handle (hdl) string n/a This is the font node's only output attribute. It contains the X Logical Font Descriptor for the font which most closely matches the specification given, either as a predefined font, or using the explicit font attributes.


Attribute Reference (Windows)

A font node's special attributes are found in the Attribute Editor under the Font heading. Beneath this is a sub-section entitled Explicit Font Attributes. The explicit attributes are only enabled when you set the Predefined Font field to None (which is equivalent to setting the node's stockFont attribute to zero).

attribute editor

Long (Short) Name Type Default
Value
Description
stockFont (sf) enum 7 Selects one of the seven predefined fonts which are available on all Windows systems. Valid values are:
0None
1OEM fixed pitch
2ANSI fixed pitch
3 ANSI proportional spaced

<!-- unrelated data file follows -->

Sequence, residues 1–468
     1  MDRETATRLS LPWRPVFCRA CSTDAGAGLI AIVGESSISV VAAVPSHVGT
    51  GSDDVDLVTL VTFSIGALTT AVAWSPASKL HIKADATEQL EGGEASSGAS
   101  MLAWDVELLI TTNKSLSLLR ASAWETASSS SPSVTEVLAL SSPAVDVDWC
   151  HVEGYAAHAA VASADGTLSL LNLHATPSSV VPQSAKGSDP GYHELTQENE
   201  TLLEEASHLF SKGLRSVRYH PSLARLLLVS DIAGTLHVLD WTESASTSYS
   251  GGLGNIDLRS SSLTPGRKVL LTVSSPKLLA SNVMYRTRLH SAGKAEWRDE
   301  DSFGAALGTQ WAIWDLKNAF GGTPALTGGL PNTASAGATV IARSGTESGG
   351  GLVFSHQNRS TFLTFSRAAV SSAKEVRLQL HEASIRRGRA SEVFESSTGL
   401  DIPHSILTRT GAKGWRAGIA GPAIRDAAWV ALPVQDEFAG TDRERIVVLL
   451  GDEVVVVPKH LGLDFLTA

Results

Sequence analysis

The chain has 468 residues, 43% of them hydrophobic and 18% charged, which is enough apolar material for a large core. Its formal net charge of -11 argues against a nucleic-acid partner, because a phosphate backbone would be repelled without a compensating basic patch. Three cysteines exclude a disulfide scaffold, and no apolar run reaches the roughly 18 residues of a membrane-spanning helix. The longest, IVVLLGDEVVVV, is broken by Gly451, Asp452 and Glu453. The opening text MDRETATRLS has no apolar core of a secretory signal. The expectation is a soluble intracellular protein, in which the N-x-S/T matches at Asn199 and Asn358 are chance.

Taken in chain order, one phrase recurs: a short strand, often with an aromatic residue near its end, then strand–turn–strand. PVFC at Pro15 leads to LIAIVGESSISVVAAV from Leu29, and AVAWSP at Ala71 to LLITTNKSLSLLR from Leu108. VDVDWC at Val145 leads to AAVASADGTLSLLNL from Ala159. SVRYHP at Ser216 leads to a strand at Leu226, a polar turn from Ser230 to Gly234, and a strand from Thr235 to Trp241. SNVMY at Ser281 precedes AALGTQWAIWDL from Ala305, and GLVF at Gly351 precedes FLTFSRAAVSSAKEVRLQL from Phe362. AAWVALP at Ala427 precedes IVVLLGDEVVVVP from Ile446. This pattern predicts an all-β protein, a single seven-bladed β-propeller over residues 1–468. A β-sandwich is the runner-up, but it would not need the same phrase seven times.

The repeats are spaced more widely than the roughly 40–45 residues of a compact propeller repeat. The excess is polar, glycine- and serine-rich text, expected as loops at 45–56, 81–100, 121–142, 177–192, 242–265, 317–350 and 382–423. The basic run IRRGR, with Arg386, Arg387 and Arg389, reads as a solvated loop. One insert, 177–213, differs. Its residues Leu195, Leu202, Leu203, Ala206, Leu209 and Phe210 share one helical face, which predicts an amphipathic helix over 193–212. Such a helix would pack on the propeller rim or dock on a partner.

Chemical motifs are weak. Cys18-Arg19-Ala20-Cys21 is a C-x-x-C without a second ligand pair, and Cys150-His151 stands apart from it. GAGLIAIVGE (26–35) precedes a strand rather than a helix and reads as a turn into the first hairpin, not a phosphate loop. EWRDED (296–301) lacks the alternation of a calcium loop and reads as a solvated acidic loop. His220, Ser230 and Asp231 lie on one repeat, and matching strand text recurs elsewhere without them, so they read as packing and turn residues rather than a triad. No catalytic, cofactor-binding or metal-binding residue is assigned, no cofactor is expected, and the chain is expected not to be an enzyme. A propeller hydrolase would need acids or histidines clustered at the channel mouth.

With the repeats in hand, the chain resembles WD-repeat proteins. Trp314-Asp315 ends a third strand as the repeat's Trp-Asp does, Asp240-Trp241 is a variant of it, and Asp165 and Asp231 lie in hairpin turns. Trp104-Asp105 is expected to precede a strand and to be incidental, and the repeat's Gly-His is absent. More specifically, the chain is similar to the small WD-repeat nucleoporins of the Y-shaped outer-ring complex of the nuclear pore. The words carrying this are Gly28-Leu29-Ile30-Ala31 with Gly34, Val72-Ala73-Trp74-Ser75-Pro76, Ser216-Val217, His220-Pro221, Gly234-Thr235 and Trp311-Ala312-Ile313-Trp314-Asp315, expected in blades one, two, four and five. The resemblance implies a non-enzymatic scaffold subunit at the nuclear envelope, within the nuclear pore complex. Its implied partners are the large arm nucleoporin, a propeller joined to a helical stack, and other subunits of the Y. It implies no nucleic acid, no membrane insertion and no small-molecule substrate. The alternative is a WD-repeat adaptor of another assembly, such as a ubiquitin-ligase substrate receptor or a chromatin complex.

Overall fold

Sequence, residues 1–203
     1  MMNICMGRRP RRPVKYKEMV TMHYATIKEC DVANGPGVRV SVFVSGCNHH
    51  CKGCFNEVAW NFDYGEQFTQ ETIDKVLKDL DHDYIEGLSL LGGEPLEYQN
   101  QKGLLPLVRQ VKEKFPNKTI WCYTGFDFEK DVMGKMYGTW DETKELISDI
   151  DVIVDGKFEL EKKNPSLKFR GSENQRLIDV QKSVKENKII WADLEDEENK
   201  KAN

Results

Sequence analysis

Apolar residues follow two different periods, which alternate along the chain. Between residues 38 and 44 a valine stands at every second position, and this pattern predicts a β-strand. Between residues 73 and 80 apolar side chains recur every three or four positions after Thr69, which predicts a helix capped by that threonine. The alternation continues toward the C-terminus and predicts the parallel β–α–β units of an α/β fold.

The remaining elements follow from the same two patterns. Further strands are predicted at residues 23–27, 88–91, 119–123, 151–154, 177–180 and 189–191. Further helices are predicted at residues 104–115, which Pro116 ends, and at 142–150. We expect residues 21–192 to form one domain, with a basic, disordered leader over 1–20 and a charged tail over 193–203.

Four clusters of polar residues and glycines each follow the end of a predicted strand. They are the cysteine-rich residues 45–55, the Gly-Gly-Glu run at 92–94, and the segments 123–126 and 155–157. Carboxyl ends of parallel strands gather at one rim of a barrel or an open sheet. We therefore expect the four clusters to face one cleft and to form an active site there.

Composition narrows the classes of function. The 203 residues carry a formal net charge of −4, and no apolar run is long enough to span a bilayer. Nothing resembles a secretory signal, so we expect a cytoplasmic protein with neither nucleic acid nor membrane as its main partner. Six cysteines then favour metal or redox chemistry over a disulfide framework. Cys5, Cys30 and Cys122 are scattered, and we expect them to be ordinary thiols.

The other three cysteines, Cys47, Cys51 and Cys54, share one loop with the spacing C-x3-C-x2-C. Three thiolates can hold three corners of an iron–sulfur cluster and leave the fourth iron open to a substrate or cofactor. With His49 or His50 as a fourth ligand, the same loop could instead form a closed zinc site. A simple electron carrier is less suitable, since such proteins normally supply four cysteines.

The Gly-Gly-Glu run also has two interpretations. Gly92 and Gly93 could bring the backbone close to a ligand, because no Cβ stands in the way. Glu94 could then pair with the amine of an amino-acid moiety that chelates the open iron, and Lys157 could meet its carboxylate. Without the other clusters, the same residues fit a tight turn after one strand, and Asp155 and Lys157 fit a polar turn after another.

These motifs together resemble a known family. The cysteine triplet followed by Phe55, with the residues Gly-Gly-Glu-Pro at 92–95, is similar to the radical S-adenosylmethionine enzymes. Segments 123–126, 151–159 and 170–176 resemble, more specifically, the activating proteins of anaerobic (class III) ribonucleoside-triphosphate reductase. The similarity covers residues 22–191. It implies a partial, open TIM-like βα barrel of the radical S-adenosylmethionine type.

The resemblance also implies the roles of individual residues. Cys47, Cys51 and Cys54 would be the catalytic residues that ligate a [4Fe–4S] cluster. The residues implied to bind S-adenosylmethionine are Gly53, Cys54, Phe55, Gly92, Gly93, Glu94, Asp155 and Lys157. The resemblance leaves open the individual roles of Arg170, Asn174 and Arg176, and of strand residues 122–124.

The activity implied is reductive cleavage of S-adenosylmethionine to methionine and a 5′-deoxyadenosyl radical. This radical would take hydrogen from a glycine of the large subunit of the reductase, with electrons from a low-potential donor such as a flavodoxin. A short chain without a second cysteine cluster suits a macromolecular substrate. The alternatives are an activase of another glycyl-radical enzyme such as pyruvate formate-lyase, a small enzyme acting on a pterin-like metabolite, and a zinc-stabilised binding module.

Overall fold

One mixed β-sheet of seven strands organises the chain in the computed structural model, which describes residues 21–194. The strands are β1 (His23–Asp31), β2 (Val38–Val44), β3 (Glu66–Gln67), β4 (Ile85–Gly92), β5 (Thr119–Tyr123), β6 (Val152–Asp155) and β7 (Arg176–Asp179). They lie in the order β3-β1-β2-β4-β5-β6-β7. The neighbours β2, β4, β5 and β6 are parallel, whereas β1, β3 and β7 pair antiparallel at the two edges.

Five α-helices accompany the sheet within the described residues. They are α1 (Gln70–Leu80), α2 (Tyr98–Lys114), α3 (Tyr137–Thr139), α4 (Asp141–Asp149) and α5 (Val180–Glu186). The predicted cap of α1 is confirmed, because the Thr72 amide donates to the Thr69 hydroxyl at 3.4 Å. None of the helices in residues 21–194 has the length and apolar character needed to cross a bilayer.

4 System fixed pitch
5 System propotional spaced
6Device default
7GUI default

If zero (None) is selected, then no predefined font used. Instead, the remaining attributes are used to specify the desired font.

typeface (tf) string (empty) Specifies the typeface (e.g. "Times New Roman"). The typefaces available vary depending upon what has been installed on your system. The Browse button in the Attribute Editor can be used to select from a list of currently installed typefaces. Alternatively, the listFonts command can be used to return an array of the installed typeface names.
width (w) short 0 Average width of the characters in the font. Width is measured in points, where each point is 1/72 of an inch. If width is set to 0 then the font node will choose the width most suitable for your display device and the other specified font characteristics.